Vertigo is a very unsettling sensation; everything around you is spinning, but you’re not moving. Unlike the popular belief (coming from Alfred Hitchcock’s movie Vertigo) vertigo is not a fear of heights. Vertigo is more like being on a rollercoaster while being on the ground. That sensation can last for minutes, but in some cases, it can last for days. For that reason, sleep deprivation is a close associate of vertigo.
People who experience this sensation for more than a day are generally sleep deprived and develop serious sleeping issues. When the world is spinning around, it can be hard to fall asleep. Therefore, in the following paragraphs, we’ll try to share some tips on how you can try to get enough sleep while experiencing vertigo. So, let’s dive in!
Fun fact; this illusion image showcases the effects of vertigo. Try not to look at the image directly, but rather look at something next to it. The image will rotate and resemble similar motion issues people with vertigo experience.
Everything About Vertigo
What Is Vertigo?
Vertigo is a type of dizziness that indicates a sensation of false movement. The sensation is usually described as rotation, but sometimes it is described as a sensation of tilt. With vertigo, there is a disturbed relation to the surrounding objects, accompanied by the sensation of whirling, swaying, weakness, unsteadiness, faintness, etc.
Vertigo tends to occur more commonly in women and people over the age of 50, but there were cases in younger, male/female individuals. Vertigo may last anywhere between a few minutes, few hours, and several days. In some serious cases, it can even last for a few weeks.
What Causes Vertigo?
Vertigo that lasts for seconds is usually caused by:
Vertigo that lasts for minutes or hours is usually caused by:
Vertigo that lasts for several days is usually caused by:
Signs You’re Experiencing Vertigo
You know you’re experiencing vertigo when it is incredibly hard to keep your balance. Sometimes, it is even impossible to stay balanced. You feel as if everything is spinning around you, and there is usually a strong inclination for you to tilt towards one side. Moreover, you’re having a hard time walking, sitting, even laying down. Some symptoms include excessive sweating, nausea, vomiting, irregular eye movement, extreme sensitivity to sound and light, tinnitus, headache, etc.
Vertigo And Sleep Relation
Vertigo is known to only disrupt your relation to the surroundings as you’re standing, but also as you’re lying down. Dizziness and the spinning sensation can impair the sleep onset and the sleeping process completely. That is why it is extremely difficult to fall asleep while you’re experiencing vertigo. Therefore, sleep deprivation in such cases is often inevitable.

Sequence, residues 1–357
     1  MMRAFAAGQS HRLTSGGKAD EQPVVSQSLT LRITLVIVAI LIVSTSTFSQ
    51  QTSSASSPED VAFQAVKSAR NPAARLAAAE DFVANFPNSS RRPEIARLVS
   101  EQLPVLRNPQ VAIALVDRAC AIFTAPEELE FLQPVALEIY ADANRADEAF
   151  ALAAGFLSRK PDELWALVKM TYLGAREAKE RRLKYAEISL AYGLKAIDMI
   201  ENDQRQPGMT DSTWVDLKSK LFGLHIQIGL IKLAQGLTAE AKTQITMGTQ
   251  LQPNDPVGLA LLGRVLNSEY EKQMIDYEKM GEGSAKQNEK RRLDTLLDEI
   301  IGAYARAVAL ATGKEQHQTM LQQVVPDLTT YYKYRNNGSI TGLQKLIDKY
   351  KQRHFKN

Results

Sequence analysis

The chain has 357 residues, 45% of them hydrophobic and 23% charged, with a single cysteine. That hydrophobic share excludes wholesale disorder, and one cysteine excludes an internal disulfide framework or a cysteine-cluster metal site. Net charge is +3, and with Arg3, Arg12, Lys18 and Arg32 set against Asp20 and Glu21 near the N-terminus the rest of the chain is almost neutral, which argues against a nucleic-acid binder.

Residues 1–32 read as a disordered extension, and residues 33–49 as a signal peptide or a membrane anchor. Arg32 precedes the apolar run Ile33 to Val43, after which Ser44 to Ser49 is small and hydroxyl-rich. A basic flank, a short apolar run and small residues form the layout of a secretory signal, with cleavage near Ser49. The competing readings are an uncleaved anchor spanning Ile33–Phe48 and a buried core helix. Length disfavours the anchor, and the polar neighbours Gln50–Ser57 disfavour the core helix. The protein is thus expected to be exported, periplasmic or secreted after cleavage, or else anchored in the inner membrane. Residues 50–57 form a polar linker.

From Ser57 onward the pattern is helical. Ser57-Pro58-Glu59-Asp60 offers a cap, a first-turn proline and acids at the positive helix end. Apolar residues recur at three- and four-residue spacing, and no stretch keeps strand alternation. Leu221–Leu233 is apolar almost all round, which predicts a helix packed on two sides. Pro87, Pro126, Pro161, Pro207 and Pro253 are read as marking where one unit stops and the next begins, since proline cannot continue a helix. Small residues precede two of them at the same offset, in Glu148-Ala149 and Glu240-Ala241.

Moreover, even if you do manage to fall asleep, sometimes waking up can trigger vertigo. This often happens in cases of Menier’s disease or BPPV. The reason for this is because when you wake up and rise from the bed, you’re changing your position, which causes BPPV and inner ear issues. Not to mention that sleeping on the side can cause fluid buildup in the ear, which can also trigger Menier’s vertigo upon waking up.
Currently, scientists are looking deeper into the relationship between vertigo and sleep. Moreover, there is even a possible link between vertigo and sleep apnea, but because current studies are inconclusive, there isn’t more to be said about this link for now.
How To Sleep With Vertigo: 7 Helpful Tips
- Keep your head elevated.
- Make sure to sleep on your back rather than your sides.
- Try physical therapy and make sure to exercise regularly.
- Avoid spicy food, alcohol, and caffeine before bed.
- Keep your bedroom dark, cool, and quiet.
- Avoid looking at screens at least half an hour before bed.
- Try breathing exercises and meditation to lower stress levels.
1. Keep Your Head Up
The position of the head as you sleep can be a potential management solution for vertigo. One study analyzed this idea through 611 BPPV-diagnosed patients. The results showed following;
- Elevating the head to 45° when lying reduces dizziness in patients suffering from BPPV. These patients also had a poor response to medication treatment and physical maneuvers, which further emphasized the importance of the head position on the treatment of BPPV.
- Complaints regarding the severeness of the BPPV decreased after the positional practice, and after time they completely diminished.
- The study was conducted with patients that did not have any neck issues since the head position can cause strain on the neck and the back.
Sure, this study had its limitations, but the results clearly show that keeping your head up while experiencing vertigo can mitigate the symptoms and enable a proper sleep. If you want to elevate your head while sleeping, here’s how you can do it;
- Use a wedge pillow, since it is designed to keep your head slightly elevated. Patients with BPPV are generally recommended to use such pillows.
- Utilize a travel pillow if you don’t have a wedge one. Travel pillows can do a good job of helping you keep the head elevated without straining your neck.
- Opt for an adjustable bed or adjustable mattress that can be lifted as you sleep. It might cost you some extra money, but it will surely be a good investment in the long run. These beds/mattresses do not only help keep a certain sleeping position, but they also help prevent nausea, dizziness, heartburn, acid reflux, etc.
2. Opt For Physical Therapy
The Epley and Semount maneuvers are physical therapy exercises designed to help manage and treat vertigo. These exercises are only done with a medical professional or a physical therapist, and usually, last up to 15 minutes. They are also designed to improve or cure BPPV with only one treatment, while some people might require a longer and thorough focus and treatment options. Either way, here’s how the maneuvers function;